The term “ocd” is used casually in lay language, yet many people—even many trained mental health professionals—don’t fully understand obsessive-compulsive disorder. The lay term is often synonymous with being overly clean or orderly. Although many people with OCD struggle with fears related to cleanliness and order, the range of obsessions in OCD is much broader than that.
People with OCD may spend years wondering what’s wrong with them before they learn that there’s a name for their struggles. They fear people will think they are “crazy” or a danger to others if they talk openly about their obsessions. Some have had invalidating experiences with health professionals who mistake their intense fears about harming themselves or others as evidence of suicidal or homicidal ideation.
Do you find yourself struggling with…
- Going to excessive lengths to keep your fears at bay
- Having frequent intrusive thoughts and worry about germs/contamination, disease, or the safety of yourself or others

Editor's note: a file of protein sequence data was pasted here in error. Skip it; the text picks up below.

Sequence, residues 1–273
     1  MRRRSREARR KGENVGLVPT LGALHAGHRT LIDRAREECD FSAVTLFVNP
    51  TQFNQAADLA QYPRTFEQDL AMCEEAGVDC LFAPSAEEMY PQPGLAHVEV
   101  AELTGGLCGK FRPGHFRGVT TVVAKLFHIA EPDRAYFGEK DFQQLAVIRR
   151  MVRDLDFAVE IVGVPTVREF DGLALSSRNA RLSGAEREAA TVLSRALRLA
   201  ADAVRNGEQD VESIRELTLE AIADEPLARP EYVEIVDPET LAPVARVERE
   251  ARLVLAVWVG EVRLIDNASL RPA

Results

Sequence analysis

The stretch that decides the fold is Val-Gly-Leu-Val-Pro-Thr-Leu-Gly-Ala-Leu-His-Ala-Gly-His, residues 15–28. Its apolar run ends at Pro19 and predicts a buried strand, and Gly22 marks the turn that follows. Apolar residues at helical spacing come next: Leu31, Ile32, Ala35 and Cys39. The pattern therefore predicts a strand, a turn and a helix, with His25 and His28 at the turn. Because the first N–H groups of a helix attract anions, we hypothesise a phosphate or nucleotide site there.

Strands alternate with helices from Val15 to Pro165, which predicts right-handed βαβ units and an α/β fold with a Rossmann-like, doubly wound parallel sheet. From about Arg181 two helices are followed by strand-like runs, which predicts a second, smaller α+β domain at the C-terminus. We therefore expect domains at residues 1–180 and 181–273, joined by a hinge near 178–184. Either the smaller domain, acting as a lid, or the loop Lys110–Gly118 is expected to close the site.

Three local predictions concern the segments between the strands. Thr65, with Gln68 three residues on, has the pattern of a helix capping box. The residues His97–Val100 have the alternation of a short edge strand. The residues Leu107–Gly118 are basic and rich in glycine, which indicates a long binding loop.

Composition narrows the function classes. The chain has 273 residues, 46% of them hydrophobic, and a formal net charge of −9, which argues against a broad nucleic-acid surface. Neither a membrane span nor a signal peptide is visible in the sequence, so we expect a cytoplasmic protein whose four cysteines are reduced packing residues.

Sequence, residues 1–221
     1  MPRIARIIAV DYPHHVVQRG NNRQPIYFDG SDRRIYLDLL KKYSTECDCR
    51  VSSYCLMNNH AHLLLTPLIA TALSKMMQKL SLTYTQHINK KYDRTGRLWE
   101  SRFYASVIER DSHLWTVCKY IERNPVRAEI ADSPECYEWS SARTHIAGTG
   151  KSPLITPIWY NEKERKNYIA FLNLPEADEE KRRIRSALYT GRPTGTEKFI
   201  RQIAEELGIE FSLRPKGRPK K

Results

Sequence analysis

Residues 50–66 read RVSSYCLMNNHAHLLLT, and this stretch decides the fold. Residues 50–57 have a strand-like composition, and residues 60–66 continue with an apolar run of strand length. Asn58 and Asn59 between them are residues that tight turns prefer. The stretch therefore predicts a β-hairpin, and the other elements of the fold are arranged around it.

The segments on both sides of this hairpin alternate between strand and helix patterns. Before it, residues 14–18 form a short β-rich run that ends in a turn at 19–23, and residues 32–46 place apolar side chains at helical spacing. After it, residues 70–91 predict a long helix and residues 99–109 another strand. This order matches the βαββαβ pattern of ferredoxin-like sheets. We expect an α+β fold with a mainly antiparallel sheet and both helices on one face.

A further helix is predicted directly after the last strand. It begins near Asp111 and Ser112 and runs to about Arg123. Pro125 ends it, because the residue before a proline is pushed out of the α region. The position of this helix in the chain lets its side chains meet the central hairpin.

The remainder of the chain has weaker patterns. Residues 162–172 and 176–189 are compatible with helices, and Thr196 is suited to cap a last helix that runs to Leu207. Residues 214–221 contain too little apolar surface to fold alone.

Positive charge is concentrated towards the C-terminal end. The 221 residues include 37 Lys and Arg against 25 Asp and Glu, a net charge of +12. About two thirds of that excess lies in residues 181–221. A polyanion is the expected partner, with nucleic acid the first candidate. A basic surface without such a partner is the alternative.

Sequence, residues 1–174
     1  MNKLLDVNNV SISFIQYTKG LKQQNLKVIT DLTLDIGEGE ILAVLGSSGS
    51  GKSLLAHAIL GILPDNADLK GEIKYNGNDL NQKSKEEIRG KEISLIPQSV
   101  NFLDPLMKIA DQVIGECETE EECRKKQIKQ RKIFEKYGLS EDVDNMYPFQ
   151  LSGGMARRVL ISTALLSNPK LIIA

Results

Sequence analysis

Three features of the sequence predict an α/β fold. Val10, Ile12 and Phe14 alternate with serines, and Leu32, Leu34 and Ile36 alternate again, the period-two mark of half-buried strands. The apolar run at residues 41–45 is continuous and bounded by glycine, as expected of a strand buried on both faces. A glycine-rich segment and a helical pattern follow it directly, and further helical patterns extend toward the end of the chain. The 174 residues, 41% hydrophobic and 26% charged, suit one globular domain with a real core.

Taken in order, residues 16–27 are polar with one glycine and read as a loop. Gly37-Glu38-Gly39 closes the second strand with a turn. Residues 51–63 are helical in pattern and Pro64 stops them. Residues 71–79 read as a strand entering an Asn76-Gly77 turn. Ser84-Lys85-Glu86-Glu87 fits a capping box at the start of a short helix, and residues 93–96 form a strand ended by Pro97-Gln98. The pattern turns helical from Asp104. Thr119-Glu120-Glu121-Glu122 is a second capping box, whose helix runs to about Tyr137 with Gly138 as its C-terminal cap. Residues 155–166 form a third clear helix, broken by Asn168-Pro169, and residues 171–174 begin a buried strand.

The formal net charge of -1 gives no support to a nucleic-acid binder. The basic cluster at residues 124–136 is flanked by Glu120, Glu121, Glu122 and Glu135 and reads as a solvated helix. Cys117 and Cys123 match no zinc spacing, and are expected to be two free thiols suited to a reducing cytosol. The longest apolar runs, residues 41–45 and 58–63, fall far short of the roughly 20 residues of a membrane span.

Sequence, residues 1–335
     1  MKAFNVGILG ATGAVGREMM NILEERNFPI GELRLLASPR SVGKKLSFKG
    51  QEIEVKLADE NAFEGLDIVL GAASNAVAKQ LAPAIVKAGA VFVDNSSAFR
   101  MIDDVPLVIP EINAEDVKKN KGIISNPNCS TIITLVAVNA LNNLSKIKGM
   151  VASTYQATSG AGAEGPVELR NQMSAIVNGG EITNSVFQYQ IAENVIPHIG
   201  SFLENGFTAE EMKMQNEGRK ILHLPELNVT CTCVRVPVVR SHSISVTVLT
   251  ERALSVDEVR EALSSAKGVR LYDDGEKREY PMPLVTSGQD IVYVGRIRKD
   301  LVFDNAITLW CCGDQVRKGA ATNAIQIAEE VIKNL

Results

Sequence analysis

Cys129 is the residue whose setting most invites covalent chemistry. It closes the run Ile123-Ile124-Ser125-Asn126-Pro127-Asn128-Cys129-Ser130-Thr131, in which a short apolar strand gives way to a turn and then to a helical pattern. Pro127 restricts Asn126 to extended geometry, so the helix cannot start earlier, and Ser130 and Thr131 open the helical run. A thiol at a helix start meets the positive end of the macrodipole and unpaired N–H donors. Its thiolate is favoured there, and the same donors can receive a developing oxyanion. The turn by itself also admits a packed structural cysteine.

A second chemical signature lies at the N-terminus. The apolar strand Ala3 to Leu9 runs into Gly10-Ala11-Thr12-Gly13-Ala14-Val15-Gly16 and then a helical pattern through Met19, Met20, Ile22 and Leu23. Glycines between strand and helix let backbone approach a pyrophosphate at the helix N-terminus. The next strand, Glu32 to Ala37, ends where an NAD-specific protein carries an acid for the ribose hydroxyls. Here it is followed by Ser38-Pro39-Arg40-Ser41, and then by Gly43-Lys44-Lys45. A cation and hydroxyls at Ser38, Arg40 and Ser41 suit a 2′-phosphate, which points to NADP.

- Needing to get things “just right” before you can move on to other things
- Frequently find yourself getting caught up in behaviors such as excessive cleaning, hand washing or checking
- Avoiding being around people, social gatherings, conversations, or public presentations for fear of doing something wrong or unforgivable
- Excessive worry about catching a disease or already having one
About 1 in 100 adults struggle with obsessive compulsive disorder (OCD). This means that 23 million people have OCD in the US alone. You are not alone. OCD is treatable but is less responsive to general talk therapies and requires a therapist who is specifically trained in working with OCD.
I’m Dr. Brian Thompson, licensed psychologist, and I specialize in anxiety-related treatment for adults. I particularly enjoy working with people with OCD, as I’ve found the experience incredibly rewarding. I’ve developed this site to not only offer my services but also to provide resources for individuals with OCD, loved ones, and professionals who would like to learn more.
I work to remain current with cutting edge research on OCD, and I have developed my own research for understanding OCD treatment as part of the Portland Psychotherapy Clinic, Research, & Training Center. I use this knowledge to create tailored, flexible approaches for people with OCD. I combine proven OCD interventions such as Exposure and Response Prevention with a newer evidence-based treatment called Acceptance and Commitment Therapy (“ACT” for short, said as one word), and I’m constantly tweaking my approach based on newer research.